|Privatization of Water in Bolivia|
Bolivia is South America’s poorest country and the site of one of the world’s most controversial water privatization programs. In the 1990s, under World Bank guidance, the water systems of some of Bolivia’s poorest regions were put up for sale to private investors. In the area of Cochabamba, a US-owned company, Bechtel, was awarded a long-term contract to manage and deliver water in that region. The results of this deal shed light on the complexities of water privatization and differences between economic theory and what happens in the real world.
Widespread privatization efforts grew in the late 20th Century with the backing of international finance institutions such as the World Bank and International Monetary Fund. For decades, both institutions have called for the privatization of water services through stipulations in trade agreements and the conditions for loans to developing countries. The intention was to push these countries to make fundamental economic and political changes away from heavy state-control of industries and toward free market systems. Such free market systems were thought to better at producing economic growth, to the benefit all citizens in that country.
In Cochabamba, Bechtel promised to extend water access to many previously unserved communities. For the most part, Bechtel delivered on this promise. But another effect of their involvement was less welcome to local populations: prices for water shot up. The company took over local wells, water pumps, and the public system infrastructure that was already in place, and added to the existing infrastructure to reach new communities. The costs for these improvements and additions were passed on to customers, sometimes doubling the cost many people had previously been paying when water systems were controlled by the government. Many were unable to pay such high rates, and even though water was now available to them, they couldn’t access it because they couldn’t afford it.
In 2000, riots broke out in Cochabamba as protestors (mainly students, sweatshop employees, and street vendors) became increasingly upset that a private, foreign-owned conglomerate was raising water prices. Hundreds filled the streets in violent protest. The violence shook the confidence of the local government and international investors. Bechtel was forced out, resulting in not only chaos in water delivery in the area, but also in a serious blow to foreign investment in the country.
Although responsibility for managing water in Cochabamba returned to the public utility, Semapa, water privatization initiatives continued in other regions of the country. The water giant, Suez Company, picked up a contract to provide water in the El Alto area of the Bolivian capital, La Paz. Like their fellow countrymen in Cochabamba, residents of El Alto took to the streets in 2005 to protest high water rates, forcing the government to cancel the Suez contract. In the wake of the ouster, tens of thousands of households were left with no water while the local government scrambled to resume water delivery.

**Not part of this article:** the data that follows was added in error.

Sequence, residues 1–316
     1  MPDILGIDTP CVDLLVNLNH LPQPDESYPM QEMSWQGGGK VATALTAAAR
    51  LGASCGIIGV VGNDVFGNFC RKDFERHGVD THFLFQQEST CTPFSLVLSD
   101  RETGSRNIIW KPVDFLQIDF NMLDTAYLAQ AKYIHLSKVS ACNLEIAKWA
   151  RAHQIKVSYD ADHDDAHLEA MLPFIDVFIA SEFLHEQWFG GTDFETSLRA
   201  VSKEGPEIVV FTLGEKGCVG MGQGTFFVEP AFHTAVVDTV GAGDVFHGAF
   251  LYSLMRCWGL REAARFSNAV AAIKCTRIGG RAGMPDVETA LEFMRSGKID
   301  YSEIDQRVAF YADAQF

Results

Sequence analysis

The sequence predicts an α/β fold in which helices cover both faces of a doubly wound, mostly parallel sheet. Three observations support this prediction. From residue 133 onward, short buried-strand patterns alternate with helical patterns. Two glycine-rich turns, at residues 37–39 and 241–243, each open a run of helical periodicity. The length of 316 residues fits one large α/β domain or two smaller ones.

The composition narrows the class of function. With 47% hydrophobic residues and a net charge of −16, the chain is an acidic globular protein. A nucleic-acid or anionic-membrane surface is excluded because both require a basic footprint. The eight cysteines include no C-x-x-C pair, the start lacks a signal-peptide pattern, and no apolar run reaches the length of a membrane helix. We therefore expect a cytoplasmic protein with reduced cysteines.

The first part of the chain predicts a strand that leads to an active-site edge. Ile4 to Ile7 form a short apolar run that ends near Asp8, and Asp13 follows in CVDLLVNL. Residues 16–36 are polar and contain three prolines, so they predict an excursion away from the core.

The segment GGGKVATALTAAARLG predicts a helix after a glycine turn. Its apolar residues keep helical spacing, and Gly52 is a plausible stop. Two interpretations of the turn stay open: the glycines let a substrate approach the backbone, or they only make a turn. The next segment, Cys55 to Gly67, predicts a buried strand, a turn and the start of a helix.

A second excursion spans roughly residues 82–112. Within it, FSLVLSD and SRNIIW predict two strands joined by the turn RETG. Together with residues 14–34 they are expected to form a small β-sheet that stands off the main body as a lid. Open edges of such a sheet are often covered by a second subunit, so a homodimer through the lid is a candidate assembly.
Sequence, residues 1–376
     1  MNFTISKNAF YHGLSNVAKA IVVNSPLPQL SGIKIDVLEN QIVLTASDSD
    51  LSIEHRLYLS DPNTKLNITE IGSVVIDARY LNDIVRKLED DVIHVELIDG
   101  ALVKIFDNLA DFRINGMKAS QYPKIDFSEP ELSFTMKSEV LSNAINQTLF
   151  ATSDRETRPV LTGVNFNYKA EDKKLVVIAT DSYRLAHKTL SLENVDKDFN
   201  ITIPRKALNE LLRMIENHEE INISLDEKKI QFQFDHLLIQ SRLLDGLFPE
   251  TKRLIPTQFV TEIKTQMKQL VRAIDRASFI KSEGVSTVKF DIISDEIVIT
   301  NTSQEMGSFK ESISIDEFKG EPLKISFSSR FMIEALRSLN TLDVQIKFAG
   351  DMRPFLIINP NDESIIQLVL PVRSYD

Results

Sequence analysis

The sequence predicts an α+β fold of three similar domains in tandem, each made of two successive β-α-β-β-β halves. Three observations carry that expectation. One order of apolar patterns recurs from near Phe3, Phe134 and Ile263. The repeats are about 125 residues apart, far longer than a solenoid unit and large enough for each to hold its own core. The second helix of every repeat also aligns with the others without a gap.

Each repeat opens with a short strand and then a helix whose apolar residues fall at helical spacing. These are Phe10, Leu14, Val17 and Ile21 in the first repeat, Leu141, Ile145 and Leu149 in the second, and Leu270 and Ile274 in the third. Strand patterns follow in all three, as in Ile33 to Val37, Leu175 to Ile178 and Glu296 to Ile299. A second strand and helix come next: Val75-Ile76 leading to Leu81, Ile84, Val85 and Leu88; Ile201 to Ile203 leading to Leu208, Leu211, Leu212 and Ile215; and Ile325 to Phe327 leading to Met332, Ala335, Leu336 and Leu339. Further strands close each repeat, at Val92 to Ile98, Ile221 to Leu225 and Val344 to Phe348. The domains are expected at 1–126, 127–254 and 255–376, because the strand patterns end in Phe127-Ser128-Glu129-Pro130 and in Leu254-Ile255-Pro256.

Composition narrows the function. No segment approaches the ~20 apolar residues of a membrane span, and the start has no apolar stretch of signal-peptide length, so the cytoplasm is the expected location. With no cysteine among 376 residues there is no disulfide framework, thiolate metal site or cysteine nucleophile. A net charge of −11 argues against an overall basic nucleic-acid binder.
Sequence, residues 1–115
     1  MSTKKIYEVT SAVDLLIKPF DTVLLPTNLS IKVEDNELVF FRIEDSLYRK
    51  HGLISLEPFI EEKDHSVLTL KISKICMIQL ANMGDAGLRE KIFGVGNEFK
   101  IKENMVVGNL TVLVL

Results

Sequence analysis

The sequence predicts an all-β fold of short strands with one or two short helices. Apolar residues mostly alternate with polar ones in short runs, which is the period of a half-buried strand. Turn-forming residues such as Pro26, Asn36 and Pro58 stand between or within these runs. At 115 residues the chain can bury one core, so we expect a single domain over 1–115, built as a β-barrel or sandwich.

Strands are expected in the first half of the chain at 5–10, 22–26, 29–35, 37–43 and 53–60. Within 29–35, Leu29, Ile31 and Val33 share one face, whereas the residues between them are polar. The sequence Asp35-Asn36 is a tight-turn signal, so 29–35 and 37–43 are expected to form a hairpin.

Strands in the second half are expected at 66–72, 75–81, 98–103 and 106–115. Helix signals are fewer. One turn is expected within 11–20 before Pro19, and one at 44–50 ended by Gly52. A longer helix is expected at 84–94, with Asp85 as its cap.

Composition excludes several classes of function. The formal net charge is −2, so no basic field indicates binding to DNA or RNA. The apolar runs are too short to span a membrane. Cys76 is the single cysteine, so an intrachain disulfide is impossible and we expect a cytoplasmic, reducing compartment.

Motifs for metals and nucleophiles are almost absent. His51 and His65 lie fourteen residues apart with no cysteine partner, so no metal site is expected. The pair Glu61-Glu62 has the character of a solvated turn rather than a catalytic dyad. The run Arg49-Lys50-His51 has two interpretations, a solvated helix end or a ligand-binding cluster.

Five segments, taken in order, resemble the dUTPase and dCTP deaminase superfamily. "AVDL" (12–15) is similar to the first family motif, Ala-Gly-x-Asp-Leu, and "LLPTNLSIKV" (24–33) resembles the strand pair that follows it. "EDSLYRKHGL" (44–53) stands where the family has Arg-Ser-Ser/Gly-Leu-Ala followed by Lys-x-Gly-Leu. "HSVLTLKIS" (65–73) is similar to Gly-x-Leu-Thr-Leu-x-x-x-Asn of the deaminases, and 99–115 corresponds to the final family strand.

The Bolivian revolt has often been called a “consumer rebellion” against the principle of water privatization. In this instance, protests were largely fueled by high prices and the population’s opposition to the anti-democratic nature of private foreign companies controlling their local water systems.
Proponents of water privatization continue to advocate for their cause even while events like the riots in Bolivia take place. They believe that when a government is unable to efficiently manage the treatment, delivery, and finance of water, a private option is necessary and beneficial to consumers.
There is evidence that privatization may work when the cost of water is subsidized for poorer populations. In these cases, special voucher programs are implemented whereby the government or aid organizations subsidize water purchases for citizens unable to afford them.
While the debate over water privatization continues, Bolivia’s example reveals the complexity inherent in applying private market solutions to problems in the public realm – a challenge that is only expected to grow as water stress spreads globally.
Privatization: the process of converting a government-operated business to one that is privately owned
Stipulation: a restriction that is insisted upon as a condition for an agreement
Conglomerate: a corporation consisting of several companies in different businesses
Subsidize: a grant paid by a government that benefits the public
1. Which international institutions influenced privatization throughout the world in the late 20th Century? Why did these institutions seek to privatize water services?
2. What immediate effects did Bechtel’s takeover of the water service have on the people of Cochabamba? What was their reaction?
3. What are the pros and cons of water privatization in developing countries based on this article? Which system do you think Bolivia should follow based on this evidence?
4. Research the effects that privatization has on water conversation. Does privatization have a positive or negative impact on water conservation? Provide examples.
5. Research examples of water privatization in other countries. Compare the situation in Bolivia to another country where the government privatized its water industry. What are the major similarities and differences and which situation was better for its citizens?
6. Do you think water privatization is a better policy than government-run public utilities in developing countries around the world? Which option would you choose and why?